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A determined driver drops extra pounds and goes on to compete in triathlons

By on January 1, 2016

Nathan Bugg • Corsicana, Texas • Driving for 13 years

I’ve always been runner. I ran track in high school and junior college. When I was in college in Lubbock I got a call from my brother. This was during the oil field boom in Texas, and he had been driving for a tanker company but then decided to buy his own truck. His business was doing well and he told me, “I’ll pay you $100,000 a year right now to run these trucks.” And that’s how I became a truck driver.

My brother and I ran the trucking business, and we were very fortunate. I started working in the office with him. I noticed, as I got into a routine, that I was putting on weight, and that I was starting to look like the stereotype of truck drivers. I had put on 80 pounds.

At that point, my brother bet me 500 bucks that I couldn’t run a marathon. I told him, “Give me a year.”

I ran a mile that first day and could hardly breathe. That was in 2007 and I was 265 pounds. In 2008, I weighed 190 and eventually ran two marathons.

My commitment to staying in shape progressed from there. Last year I completed my first Ironman competition. That’s a triathlon where you swim for 2.4 miles, bike 112 miles and run 26.2 miles — without a break and within 17 hours. It’s hard to describe the feeling of completing my first Ironman. It was a conquering feeling — like I can do anything.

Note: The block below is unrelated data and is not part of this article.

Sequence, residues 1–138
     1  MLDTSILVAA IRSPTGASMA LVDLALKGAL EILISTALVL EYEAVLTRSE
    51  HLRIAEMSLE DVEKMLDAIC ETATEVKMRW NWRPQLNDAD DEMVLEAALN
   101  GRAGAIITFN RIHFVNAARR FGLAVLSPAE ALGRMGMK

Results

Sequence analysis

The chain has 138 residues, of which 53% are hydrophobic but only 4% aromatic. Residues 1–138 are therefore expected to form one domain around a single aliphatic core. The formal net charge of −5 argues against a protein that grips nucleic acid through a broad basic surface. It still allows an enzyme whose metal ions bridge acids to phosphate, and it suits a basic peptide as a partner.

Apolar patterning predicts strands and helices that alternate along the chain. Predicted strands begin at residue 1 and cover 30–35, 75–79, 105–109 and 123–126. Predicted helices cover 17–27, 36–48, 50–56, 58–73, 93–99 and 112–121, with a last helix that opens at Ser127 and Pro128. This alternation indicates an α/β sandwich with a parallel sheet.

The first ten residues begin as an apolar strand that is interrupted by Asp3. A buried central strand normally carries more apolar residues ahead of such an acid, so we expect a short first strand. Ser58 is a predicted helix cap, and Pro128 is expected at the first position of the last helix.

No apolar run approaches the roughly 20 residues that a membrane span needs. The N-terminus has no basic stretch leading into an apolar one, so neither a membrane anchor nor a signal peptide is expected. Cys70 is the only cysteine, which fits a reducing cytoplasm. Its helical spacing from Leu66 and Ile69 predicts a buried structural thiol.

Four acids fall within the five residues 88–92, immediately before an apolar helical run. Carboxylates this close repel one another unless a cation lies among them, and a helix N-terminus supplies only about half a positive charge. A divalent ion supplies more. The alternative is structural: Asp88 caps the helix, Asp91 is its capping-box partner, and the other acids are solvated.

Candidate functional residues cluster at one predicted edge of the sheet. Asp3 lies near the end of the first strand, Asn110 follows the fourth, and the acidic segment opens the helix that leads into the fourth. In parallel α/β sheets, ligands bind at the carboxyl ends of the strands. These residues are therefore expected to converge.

I’m driving full time again and planning to enter my third Ironman. I make time every day to work out. It’s my priority. As a rule, when I plan my route, I include a stop midday to do an hour or two workout. For example, at my halfway point yesterday, I got out and did a 15-mile run. Other days I’ll find a place where I can get on a stationary bike or do some weight lifting. I’m training for my next Ironman now, so I also look for places where I can swim.

I think a lot of drivers who intend to exercise figure they will do it once they get to their destination for the day. But if you wait until the end of the day, you’re just too tired.

When I pull up at a truck stop, I get out and run. I know that I’m an oddity, but I hope that people see me and try it themselves. I tell other drivers all the time that I started by doing this day after day. Every day I would do a little more than the day before, and after a while the weight fell off.

When you see the DOT is looking at sleep apnea tests for drivers and giving provisional medical cards, you know that something has to give. A lot of drivers are scared, but all it takes is the determination to do something.

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